"Unifies the 'conspiracy' and 'establishment' views on the Kennedy assassination. The author reviews declassified evidence and proposes that Lee Harvey Oswald was both patsy and perpetrator in the JFK assassination." http://www.1stbooks.com/bookview/11442

* "Forward To Camelot" by Susan Sloate and Kevin Finn
"An actress is sent back in time to recover a priceless artifact from November 22, 1963 and stop a family tragedy. Instead, she becomes embroiled in a plot to save President Kennedy from assassination in Dallas, with the help of a courageous ex-Marine named Lee Harvey Oswald." http://www.1stbooks.com/bookview/16346

Thanksgiving and Winter Holidays
* "Home Is Where The Heart Is" by Valerie J. Steimle
Sixty articles all about the importance of the family, including an article on holidays and families. http://www.1stbooks.com/bookview/13556

About 1stBooks

Since 1997, 1stBooks has helped thousands of authors become published. We offer you complete control over every aspect of the publishing process while working with you to produce your manuscript in paperback and/or hardcover formats. Because we print books only as they are ordered using print-on-demand (POD) technology, neither you nor we have to invest lots of cash in unsold inventory. This, in turn, allows us to provide very affordable and prompt services. Visit http://www.1stbooks.com/getpublished/1stnews.html to request our free publishing guide.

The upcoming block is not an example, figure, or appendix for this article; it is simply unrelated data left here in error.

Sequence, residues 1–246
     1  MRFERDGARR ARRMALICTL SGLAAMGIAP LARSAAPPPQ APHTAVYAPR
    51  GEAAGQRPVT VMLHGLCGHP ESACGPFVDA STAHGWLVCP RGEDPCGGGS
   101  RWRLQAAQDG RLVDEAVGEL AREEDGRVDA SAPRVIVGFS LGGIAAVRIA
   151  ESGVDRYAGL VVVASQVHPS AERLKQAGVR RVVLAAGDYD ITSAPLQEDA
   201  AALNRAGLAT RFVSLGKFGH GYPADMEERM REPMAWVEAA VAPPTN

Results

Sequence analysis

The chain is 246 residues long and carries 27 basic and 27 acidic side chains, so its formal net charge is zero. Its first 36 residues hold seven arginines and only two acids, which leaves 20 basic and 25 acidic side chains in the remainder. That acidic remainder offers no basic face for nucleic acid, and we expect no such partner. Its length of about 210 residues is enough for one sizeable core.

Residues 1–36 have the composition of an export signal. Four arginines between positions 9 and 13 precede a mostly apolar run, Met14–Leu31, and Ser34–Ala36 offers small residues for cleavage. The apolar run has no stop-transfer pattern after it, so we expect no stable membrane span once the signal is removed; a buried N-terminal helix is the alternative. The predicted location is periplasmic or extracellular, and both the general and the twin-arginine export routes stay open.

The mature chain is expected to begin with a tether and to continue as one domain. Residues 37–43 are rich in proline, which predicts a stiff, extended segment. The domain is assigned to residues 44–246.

We are pleased to sponsor this informative free newsletter for you.

About This Newsletter

1stNews from 1stBooks was created to provide useful information for authors, especially those new to the publishing process. Sent the first and third Wednesdays of the month, we cover book marketing, POD production, writing, and related issues.

To subscribe, unsubscribe, update your email address, or request to be removed from all 1stBooks contact lists (postal mail, telephone, and email, which includes 1stNews from 1stBooks), visit http://newsletter.1stbooks.com.

If you choose to unsubscribe or to be removed from all correspondence, make sure to use your subscribed email address, %%emailaddr%%, to do so.

To submit an article, query, or letter to the editor for this newsletter, (NOT to have your book manuscript considered by 1stBooks) email shorowitz@1stbooks.com.

To inquire about publishing a book with 1stBooks email authorservices@1stbooks.com.

To read back issues, please visit http://www.1stbooks.com/backissues/index.html.

Copyright and Reprint Information

1stBooks gladly gives permission to forward this newsletter in its entirety, including all contact information, to any person or group. To forward or reprint any portion, you must obtain permission. All material is copyrighted by the individual authors. The newsletter, as a collective work, is copyrighted by 1stBooks. To reprint or repost an article, please contact the individual author.

Thank you for reading our newsletter!